J.M. Berger is an Associate Fellow at ICCT. He is a researcher, analyst and consultant, with a special focus on extremist activities in the U.S. and use of social media. Berger is co-author of the critically acclaimed ISIS: The State of Terror with Jessica Stern and author of Jihad Joe: Americans Who Go to War in the Name of Islam. Berger publishes the web site Intelwire.com and has written for Politico, The Atlantic and Foreign Policy, among others. He was previously a Fellow at George Washington University’s Program on Extremism, a Non-resident Fellow with the Brookings Institution’s Project on U.S. Relations with the Islamic World, and an Associate Fellow at the International Centre for the Study of Radicalisation.
Key Publications include:
Berger, J.M. “Extremist Construction of Identity: How Escalating Demands for Legitimacy Shape and Define In-Group and Out-Group Dynamics“, The International Centre for Counter-Terrorism – The Hague 8, no. 7 (2017).
Berger, J.M. “The Turner Legacy: The Storied Origins and Enduring Impact of White Nationalism’s Deadly Bible”, The International Centre for Counter-Terrorism – The Hague 7, no. 8 (2016).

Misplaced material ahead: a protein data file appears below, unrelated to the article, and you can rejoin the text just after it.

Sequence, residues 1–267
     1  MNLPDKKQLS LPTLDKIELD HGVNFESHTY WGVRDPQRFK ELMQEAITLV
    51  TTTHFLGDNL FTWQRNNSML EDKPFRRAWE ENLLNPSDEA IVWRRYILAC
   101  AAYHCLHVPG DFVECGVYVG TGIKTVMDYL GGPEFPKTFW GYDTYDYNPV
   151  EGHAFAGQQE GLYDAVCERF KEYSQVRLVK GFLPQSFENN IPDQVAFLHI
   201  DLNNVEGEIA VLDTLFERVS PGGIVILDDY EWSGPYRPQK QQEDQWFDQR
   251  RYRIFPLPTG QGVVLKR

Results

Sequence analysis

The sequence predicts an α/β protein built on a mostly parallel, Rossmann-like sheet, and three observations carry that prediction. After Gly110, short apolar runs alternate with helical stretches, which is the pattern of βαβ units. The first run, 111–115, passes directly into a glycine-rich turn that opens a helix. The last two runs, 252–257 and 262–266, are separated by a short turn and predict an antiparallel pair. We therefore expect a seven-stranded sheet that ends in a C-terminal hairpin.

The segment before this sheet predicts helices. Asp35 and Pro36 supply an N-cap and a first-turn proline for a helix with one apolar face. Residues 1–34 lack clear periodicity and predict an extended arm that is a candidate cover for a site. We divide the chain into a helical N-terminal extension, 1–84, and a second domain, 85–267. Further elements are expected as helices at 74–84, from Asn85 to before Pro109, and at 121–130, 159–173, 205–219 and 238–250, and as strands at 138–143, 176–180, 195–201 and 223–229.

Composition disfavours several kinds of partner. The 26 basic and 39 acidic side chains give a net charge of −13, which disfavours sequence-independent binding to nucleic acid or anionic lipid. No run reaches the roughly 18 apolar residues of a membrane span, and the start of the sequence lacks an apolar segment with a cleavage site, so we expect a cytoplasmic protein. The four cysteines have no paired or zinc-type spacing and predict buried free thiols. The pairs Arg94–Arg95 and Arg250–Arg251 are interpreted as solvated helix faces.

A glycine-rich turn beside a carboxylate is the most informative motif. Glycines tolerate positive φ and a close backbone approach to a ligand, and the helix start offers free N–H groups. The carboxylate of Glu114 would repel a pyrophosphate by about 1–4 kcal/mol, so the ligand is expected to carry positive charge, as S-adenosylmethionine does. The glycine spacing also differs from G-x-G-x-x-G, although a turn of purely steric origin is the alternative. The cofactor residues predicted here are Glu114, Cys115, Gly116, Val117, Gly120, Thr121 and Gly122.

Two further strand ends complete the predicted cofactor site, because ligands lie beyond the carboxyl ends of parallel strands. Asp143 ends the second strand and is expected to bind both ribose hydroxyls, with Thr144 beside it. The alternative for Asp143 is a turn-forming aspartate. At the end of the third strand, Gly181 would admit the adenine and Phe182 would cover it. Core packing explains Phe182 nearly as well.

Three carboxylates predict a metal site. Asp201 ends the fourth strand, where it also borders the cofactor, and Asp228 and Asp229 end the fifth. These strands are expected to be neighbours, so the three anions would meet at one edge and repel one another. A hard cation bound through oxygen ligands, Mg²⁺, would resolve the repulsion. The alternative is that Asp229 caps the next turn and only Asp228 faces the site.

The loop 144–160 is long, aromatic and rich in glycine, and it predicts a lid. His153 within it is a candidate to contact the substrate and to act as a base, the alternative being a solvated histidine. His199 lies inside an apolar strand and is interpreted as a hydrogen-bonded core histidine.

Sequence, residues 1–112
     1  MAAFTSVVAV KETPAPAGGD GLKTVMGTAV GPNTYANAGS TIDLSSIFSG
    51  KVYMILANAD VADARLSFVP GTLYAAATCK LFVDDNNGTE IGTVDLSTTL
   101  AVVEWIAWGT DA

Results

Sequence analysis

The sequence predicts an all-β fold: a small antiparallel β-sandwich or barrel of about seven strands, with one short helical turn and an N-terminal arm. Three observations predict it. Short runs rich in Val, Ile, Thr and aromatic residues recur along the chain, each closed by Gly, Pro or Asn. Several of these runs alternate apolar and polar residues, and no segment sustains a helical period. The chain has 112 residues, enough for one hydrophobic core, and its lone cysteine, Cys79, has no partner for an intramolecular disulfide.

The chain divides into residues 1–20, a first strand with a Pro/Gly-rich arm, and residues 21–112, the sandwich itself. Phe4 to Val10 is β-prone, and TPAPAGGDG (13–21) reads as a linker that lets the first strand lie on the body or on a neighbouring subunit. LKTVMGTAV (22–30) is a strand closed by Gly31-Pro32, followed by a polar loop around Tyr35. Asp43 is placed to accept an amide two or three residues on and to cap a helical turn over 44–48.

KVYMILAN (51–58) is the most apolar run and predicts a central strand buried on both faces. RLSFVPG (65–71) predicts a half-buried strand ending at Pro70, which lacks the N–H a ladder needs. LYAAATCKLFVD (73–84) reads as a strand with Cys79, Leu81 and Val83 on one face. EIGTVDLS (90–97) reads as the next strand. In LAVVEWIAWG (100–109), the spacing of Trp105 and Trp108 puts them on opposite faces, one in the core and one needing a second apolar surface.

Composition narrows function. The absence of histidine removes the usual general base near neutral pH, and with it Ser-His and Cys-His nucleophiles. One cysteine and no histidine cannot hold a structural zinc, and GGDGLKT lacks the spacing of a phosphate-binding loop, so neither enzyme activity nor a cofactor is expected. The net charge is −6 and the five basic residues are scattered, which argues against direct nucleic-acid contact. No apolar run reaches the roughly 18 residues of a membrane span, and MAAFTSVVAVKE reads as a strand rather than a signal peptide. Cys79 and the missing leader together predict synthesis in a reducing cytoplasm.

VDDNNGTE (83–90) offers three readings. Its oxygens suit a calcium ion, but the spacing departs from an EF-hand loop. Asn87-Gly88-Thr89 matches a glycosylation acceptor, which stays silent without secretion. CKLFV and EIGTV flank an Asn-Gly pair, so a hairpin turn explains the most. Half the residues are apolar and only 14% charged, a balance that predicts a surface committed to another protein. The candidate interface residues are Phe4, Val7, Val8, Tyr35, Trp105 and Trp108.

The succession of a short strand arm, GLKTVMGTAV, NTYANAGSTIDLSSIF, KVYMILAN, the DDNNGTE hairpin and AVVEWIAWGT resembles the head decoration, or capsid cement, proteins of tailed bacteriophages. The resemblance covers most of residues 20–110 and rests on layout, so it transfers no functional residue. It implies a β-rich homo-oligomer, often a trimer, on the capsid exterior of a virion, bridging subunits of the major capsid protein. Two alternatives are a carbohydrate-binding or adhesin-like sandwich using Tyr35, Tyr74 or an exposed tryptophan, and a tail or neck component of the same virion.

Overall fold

Berger, J.M. “Making CVE Work: A Focused Approach Based on Process Disruption”, The International Centre for Counter-Terrorism – The Hague 7, no. 5 (2016).
Introduction According to the Global Terrorism Index 2017, there has been a worldwide decrease of deaths caused by terrorism in 2016. Yet, at the same time, terrorism has spread to more and more countries. In 2016, “more countries experienced at least one attack and one death than at any other point since data was first […]
Boko Haram remains a major security challenge for Nigeria and its Lake Chad basin neighbours, and the conflict in the north east has triggered a tragic humanitarian crisis affecting more than seven million people in the region. The EU has commendably increased its humanitarian support to the affected population, but wisely refrained from becoming too […]
The Global Security Pulse tracks emerging security trends and risks worldwide. This month’s edition explores trends connected to the existing nexus between crime and terrorism, and presents new and underappreciated developments regarding European disengagement strategies, rising right-wing extremism, countering FinTech abuse, and the effects on the international order. The Global Security Pulse (GSP) makes use […]